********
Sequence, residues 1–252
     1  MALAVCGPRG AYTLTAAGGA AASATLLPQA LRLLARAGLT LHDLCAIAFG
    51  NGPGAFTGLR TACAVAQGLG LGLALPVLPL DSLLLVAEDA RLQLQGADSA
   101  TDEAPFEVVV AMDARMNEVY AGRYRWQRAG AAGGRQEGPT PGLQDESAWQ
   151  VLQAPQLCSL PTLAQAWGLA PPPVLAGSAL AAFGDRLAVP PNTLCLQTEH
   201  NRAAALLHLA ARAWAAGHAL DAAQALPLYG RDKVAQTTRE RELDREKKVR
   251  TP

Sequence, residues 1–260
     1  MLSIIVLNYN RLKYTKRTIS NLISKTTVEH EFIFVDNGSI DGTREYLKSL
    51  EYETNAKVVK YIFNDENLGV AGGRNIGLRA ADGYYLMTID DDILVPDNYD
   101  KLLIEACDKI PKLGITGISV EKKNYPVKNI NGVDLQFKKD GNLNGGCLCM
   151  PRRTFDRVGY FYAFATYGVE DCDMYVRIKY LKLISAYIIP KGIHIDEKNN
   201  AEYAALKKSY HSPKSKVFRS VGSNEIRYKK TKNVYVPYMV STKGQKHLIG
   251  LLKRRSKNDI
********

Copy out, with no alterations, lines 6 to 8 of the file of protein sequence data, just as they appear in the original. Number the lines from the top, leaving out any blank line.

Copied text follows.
   201  NRAAALLHLA ARAWAAGHAL DAAQALPLYG RDKVAQTTRE RELDREKKVR
   251  TP

Sequence, residues 1–260